One in three bottles of appellation controlée wines produced in France is sub-standard, according to the French consumer watch-dog. A survey of wine professionals by the organisation, UFC-Que Choisir, concluded that the supposed local authenticity offered by the label "AOC" – appellation d'origine controlée – has become meaningless.
So many new appellations have been created in recent years, and so much AOC wine is now produced without proper quality checks, that the system has fallen into disrepute, the consumer group said.
It urged the creation of a new system, dividing French wine into properly policed local appellations and more generic wines, based on leading grape varieties, to appeal to "modern" tastes.
The criticism will be fiercely resisted by traditionalists, and some vested interests, in the French wine industry. However, it echoes complaints made by French wine traders and even some wine producers for years. It also adds weight to proposals made by the European Commission in July, which push in broadly the same direction.
Alain Bazot, president of UFC-Que Choisir said: "For years, there has been a steady fall in the quality of many AOC wines which has completely undermined the confidence of consumers in the system."
So many new AOCs had been created, and so much extra production allowed, that the volume of French wine which qualified for an appellation label had increased by 66 per cent in 30 years (from 15 million hectolitres to 25 million).
The consumer group's study found that about 98 per cent of all AOC wine was waved through by the organisations that were supposed to check its quality. These organisations were dominated by the AOC growers themselves, who were therefore "judge and jury" of their own produce.
There are 462 different wine appellations in France. An AOC label is supposed to be the foundation stone of the French approach to wine, based on the supreme importance of terroir or local soil conditions and micro-climate. To qualify for an AOC badge a wine must be produced within a defined area – ranging from a single vineyard to a whole region – and it must obey local regulations on grape varieties and methods of wine-making.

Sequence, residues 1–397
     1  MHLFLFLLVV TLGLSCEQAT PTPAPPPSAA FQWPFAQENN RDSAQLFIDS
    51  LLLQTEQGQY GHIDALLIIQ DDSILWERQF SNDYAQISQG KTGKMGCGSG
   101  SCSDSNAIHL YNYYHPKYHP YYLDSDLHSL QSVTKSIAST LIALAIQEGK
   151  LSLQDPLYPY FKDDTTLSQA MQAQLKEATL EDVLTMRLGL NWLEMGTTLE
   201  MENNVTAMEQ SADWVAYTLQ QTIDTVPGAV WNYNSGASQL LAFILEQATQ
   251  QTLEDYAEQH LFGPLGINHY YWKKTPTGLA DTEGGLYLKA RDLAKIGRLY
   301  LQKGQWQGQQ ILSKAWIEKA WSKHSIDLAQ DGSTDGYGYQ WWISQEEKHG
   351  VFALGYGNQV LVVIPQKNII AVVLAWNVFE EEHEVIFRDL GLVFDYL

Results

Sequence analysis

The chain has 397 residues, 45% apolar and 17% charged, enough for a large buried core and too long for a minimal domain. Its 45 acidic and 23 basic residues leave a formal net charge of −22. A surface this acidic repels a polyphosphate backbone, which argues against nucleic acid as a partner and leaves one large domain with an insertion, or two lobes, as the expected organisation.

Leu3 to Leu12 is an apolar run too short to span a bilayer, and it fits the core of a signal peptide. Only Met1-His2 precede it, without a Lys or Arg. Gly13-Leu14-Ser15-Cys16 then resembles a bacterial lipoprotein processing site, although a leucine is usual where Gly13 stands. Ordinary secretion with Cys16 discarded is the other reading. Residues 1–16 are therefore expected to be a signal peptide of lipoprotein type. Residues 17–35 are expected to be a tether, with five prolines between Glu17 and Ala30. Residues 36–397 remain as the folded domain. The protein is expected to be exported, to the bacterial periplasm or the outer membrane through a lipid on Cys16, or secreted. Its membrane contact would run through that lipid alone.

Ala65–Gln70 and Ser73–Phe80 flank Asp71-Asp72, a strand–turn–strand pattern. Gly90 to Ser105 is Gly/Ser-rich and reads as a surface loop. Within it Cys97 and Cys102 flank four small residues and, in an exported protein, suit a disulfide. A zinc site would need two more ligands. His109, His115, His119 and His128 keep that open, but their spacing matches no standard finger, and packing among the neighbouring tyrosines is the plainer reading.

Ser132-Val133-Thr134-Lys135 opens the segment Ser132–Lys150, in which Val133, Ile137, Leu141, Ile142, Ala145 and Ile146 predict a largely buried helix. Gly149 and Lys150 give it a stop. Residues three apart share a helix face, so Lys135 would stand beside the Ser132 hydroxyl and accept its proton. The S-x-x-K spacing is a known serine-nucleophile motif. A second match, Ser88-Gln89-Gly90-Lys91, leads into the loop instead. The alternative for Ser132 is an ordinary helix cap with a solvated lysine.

In practice, UFC-Que Choisir said, the rules had become so loosely applied in many cases that some "appellation" wines had no relation to the concept of terroir or local authenticity. It would be much better, the group said, to tighten up the rules and the checks for those wines which could genuinely qualify as local and of high quality. The rest should be encouraged to go into the "new market" for wines sold mostly according to popular grape varieties such as Chardonnay or Merlot.
The consumer group's study will add ammunition to a battle which has been raging within the French wine industry for 10 years or more. Traditionalists resist any attempt to reform the AOC system which, they complain, would encourage a surrender of the French wine heritage to the "New World" factory-based approach to wine. Others protest that the poorer AOCs represent more of a threat to France's reputation and tradition than a shift of some middle market wines to the so-called "Australian" approach, based on grape variety rather than locality.
In any case, they say, the jumble of AOC labels makes French wine harder to sell abroad than simply-labelled New World wines.